CANNES, France — Beatriz Seigner’s debut “Bollywood Dream” was the first Brazilian co-production with India. Her second directorial outing, “Los Silencios,” screening in the Cannes Film Festival’s Directors’ Fortnight, follows a widowed mother and her children trying to make a living on the Colombia-Brazil-Peru border at a place where the life live with the dead, after the family’ father has apparently been killed during the Colombian Farc conflict. It is co-produced by Brazil’s Enquadramento Produçoes, Seigner’s company Miriade Filmes, Colombia’s Diafragma and France’s Ciné-Sud Promotion, International sales are handled by Paris-based Pyramide International.
“Los Silencios”‘ is set on the border between Colombia, Peru and Brazil. What do you believe is your— and Brazil’s— cultural link with a country like Colombia?
Currently, Colombians comprise the second largest body of immigrants coming into Brazil, ever since 2006 when President Lula approved a law allowing immigrants to work and receive social security in our country. When I heard this story from a Colombian childhood friend of mine, I was really moved; it pursued me through my dreams. It reminded me of some similar situations from my childhood, so I decided to write it down.
I believe most countries going through this process of decolonization have similar issues: the need for land reforms, the need to eradicate social injustices and inequity, the need to end the war on drugs— which is actually a war against black, indigenous and vulnerable populations— the need to value our original cultures and wisdoms, the constant need to fight for democracy and freedom.
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As a colonized country, we tend to always look up towards Europe and the U.S. I’d like to set our sights elsewhere and look for inspiration, to our neighbor Latin American and BRIC countries and cultures, with whom we have so much in common.
In addition to concrete references to Apitchatpong Weerasethakul (such as in the film’s atmosphere) and other filmmakers such as John Cassavettes or Lucrecia Martel, the film represents the exuberance of Colombian culture, and also the documentary and neo-realistic/Cinema Novo tradition of Brazil…
I’m very glad you also saw those references in the film, because ahead of being a filmmaker I’m a film lover, and I’m sure that every film I love lives in me, and appears somewhere in what I do, or in the way I see the world.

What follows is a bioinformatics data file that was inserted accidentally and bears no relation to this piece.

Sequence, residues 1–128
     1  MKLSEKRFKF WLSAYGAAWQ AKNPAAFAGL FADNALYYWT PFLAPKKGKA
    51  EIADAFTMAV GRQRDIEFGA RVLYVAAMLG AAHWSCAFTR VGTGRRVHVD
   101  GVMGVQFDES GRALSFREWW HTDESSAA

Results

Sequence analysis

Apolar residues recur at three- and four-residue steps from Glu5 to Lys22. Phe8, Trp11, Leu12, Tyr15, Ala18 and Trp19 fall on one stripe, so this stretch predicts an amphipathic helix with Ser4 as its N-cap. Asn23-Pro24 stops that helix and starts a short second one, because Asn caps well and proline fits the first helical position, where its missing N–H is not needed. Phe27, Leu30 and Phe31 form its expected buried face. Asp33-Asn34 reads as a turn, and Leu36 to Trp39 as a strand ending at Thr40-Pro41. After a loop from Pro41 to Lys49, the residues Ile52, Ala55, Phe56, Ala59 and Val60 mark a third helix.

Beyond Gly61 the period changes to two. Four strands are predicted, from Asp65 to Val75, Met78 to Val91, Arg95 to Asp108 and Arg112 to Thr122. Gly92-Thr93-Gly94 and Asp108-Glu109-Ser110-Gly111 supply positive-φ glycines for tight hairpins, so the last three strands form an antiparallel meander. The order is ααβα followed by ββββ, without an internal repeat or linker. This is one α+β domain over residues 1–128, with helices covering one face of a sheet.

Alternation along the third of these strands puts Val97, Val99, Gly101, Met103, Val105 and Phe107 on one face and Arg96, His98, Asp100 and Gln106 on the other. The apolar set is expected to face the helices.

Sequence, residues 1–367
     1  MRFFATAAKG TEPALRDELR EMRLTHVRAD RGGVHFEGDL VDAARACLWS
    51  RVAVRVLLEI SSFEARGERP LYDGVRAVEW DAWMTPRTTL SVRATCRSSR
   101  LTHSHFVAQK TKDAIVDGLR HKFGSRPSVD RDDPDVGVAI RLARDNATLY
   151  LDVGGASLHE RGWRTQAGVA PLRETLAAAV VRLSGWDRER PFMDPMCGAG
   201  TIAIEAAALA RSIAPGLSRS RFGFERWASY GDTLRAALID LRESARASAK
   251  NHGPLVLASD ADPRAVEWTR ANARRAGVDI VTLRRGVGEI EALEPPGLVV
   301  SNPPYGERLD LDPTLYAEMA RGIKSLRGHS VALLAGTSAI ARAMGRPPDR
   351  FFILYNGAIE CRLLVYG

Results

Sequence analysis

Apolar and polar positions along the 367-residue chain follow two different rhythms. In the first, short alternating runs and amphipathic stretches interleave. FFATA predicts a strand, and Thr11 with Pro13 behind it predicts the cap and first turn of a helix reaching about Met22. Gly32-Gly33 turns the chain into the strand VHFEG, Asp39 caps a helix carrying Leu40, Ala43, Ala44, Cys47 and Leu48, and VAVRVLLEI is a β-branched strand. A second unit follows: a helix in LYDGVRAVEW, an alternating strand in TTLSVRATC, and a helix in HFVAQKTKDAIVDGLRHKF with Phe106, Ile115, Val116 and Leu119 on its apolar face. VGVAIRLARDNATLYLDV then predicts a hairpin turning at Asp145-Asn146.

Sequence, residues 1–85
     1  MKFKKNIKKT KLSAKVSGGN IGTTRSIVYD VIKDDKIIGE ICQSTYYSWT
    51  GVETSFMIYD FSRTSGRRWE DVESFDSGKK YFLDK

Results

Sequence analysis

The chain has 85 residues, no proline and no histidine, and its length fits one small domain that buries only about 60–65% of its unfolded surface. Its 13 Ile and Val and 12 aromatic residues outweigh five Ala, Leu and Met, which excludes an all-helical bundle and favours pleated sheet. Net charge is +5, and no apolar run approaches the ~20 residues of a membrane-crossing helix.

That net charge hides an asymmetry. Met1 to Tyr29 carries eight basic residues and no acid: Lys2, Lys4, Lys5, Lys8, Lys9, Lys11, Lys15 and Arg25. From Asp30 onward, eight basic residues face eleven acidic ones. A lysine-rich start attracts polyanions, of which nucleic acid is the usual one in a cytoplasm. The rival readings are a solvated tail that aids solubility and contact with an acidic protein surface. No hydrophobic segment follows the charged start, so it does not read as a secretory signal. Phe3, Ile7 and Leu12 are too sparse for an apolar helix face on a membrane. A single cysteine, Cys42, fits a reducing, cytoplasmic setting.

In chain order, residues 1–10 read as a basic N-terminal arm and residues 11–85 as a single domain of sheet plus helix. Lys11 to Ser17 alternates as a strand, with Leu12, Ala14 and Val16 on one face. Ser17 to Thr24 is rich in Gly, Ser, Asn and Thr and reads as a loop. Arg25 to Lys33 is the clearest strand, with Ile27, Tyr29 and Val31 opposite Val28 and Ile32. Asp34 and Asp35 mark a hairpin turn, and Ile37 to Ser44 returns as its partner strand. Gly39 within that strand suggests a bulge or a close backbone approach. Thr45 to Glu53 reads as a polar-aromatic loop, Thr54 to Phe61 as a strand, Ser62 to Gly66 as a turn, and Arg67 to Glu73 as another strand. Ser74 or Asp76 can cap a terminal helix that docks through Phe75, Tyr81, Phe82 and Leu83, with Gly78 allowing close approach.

Fabio’s character, for example, reminds me of Satyajit Ray’s character Apu from “The Song of The Little Road,” a masterpiece of Indian Neo-realism. Scenes with Coyote, his friend, remind me of “Accatone” by Pier Paolo Pasolini.
I also believe the indigenous cosmology in Latin America has a lot in common with that of Asian cultures, especially the cyclical way of seeing Life, Death, and its interactions.
It’s a film about life and death and its emptiness. This also links cultural traditions from Colombia and Brazil. You tackle the subject in an unpretentious way.
I think that maybe because of our indigenous and African roots, which are very connected to the power of nature, it’s very usual in our cultures to live and talk with the dead, our ancestors, to offer them food or drink, ask for their advice and blessings, and sometimes even fight with them.
It’s a way to process death, and to stay connected with that which enriches our life, that being that lives with us, somehow.
In some parts of Colombia, even if a missing person isn’t found, you keep doing everything you used to do with that person, keeping them alive.
“Los Silencios” depicts the difficult living conditions of the island’s inhabitants and the aftermath of the Farc conflict. How do you analyse the current situation? Will the pardon impact the country?
I have great admiration toward Colombians for facing this challenge, and even when it’s not possible to forgive, for considering what they need in order to live together and make the future less violent and traumatic for subsequent generations.
But of course, for the peace agreement be successful the government will need to promote the social inclusion and justice that have been promised. I hope the whole world will support them on that. And, I hope that in Brazil we will be inspired by this as well, because Brazil is also a very unjust and violent country.
You have your own production company— Miríade Filmes. Do you plan to produce films by other directors?
I created Miriade Filmes in order to be independent, access Brazilian public funds and have full autonomy on the final cut of my films as well as on choosing the cast and crew and making sure our budget is shared on an equity fair basis between everyone. I’ve co-produced a few films directed by friends, mostly documentaries that needed to be shot quickly. However, since I’m really devoted to making excellent handmade artistic films, and need time for immersion and research, I’m not able to give the care and attention that too many projects demand.
However, I do have a distribution company in Brazil, together with my partner Ibira Machado, called Descoloniza Films. Our goal is to finance and distribute commercially films directed by women from peripheral places. I’m extremely happy to be a part of this company.
I’m finishing editing a documentary called “Between Us, a Secret,” about the Djelis of Mali, also known in the West as griots, who are the traditional conflict mediators and storytellers of the West Africa. It should be finished by the end of the year.
I’m also writing a couple of scripts of my next feature films, which are currently at different stages. Hopefully we will be able to start applying for grants this year.